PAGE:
CITY TRIBUNE

Galway City publican in heroic River Corrib rescue

Francis Farragher

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From this week’s Galway City Tribune – A city publican who last week helped save the life of a woman who had entered the waters of the Corrib off Wolfe Tone Bridge has made an appeal for young people to ‘look out for each other’.

Fergus McGinn, proprietor of McGinn’s Hop House in Woodquay, had been walking close to Jury’s Inn when he saw the young woman enter the river.

He then rushed to the riverbank on the Long Walk side of the bridge, jumped into the water, spoke to the woman and stayed with her until the emergency services arrived.

The incident occurred at about 3.45pm on Friday last, and a short time later the emergency services were on the scene to safely rescue the woman.

“She was lucky in that the river level was very low and she didn’t injure herself on the rocks and stones just under the water.”

He also appealed to the public to support in whatever they could the work being done by groups like the Claddagh Watch volunteers.
This is a shortened preview version of this article. To read the rest of the story, see this week’s Galway City Tribune. You can buy a digital edition HERE.

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CITY TRIBUNE

Pubs face court – for serving booze on their doorsteps!

Dara Bradley

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From this week’s Galway City Tribune – Gardaí have warned city publicans that alcohol cannot be served outside their own premises – even in newly-created on-street spaces designated by Galway City Council as suitable for outdoor dining.

Councillor Mike Crowe (FF) said three Gardaí visited a number of city centre pubs on Thursday afternoon informing them that drinking outdoors was not allowed under licensing laws.

“They warned publicans and restaurants that the area outside their premises is not covered by the licence, and therefore under national legislation, they are breaking the law, because they are not entitled to sell alcohol in non-licensed areas.

“The operators were told that this was an official warning, and they will be back again in a few days and if it persisted, they [Gardaí] would have no option but to issue a charge and forward files to the Director of Public Prosecution. You could not make this up.

“All of the big operators were visited, and received an official warning, and they will be charged if they persist. According to the guards, they’re getting instructions from [Garda headquarters in] Phoenix Park,” he said.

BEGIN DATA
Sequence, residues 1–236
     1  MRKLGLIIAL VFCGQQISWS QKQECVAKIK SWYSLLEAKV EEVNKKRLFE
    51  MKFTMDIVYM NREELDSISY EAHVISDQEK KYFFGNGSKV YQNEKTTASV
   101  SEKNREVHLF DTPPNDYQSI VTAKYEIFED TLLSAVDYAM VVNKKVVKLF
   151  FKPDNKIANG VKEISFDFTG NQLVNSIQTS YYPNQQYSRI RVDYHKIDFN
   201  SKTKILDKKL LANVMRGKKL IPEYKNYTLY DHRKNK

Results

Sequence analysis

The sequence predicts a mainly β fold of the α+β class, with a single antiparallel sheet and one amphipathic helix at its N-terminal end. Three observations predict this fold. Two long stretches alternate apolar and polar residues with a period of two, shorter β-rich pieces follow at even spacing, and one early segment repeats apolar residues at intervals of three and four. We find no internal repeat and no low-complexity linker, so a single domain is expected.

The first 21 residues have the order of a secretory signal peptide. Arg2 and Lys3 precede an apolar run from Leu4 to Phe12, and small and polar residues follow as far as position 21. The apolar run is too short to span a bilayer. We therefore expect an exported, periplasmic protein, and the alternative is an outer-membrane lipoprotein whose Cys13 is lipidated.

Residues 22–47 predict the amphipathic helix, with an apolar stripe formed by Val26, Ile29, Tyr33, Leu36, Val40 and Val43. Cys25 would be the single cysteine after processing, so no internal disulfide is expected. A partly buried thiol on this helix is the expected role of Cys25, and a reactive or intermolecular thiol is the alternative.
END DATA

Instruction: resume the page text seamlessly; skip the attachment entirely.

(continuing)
The matter will be raised at a meeting of the Galway City Joint Policing Committee on Monday.
This is a shortened preview version of this article. To read the rest of the story, see this week’s Galway City Tribune. You can buy a digital edition HERE.

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CITY TRIBUNE

Call for 50% affordable homes in new Galway City Council estates

Stephen Corrigan

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From this week’s Galway City Tribune – The next Galway City Development Plan should include a greater provision for affordable housing than that recommended by Government, a meeting of the City Council has heard.

Cllr Declan McDonnell (Ind) told the meeting that while it was the Government’s intention to introduce a stipulation that new estates should have 10% affordable housing, Galway should go further – building anything up to 50% affordable in developments that are led by the local authority.

The Affordable Housing Bill, which is currently working its way through the Oireachtas, proposes that all developments should have 10% affordable and 10% social housing as a condition of their approval.

Affordable housing schemes help lower-income households buy their own houses or apartments in new developments at significantly less than their open market value, while social housing is provided by local authorities and housing agencies to those who cannot afford their own accommodation.

The Council meeting, part of the pre-draft stage of forming the Development Plan to run from 2023 to 2029, was to examine the overarching strategies that will inform the draft plan to come before councillors by the end of the year and Cllr McDonnell said a more ambitious target for affordable housing was absolutely necessary.

“It must be included that at least 50% of housing must be affordable [in social housing developments],” he said.

This sentiment was echoed by Cllr Eddie Hoare (FG) who questioned if the City Council was ‘tied down’ by national guidelines, or if it could increase the minimum percentage of affordable housing required locally.
This is a shortened preview version of this article. To read the rest of the story, see this week’s Galway City Tribune. You can buy a digital edition HERE.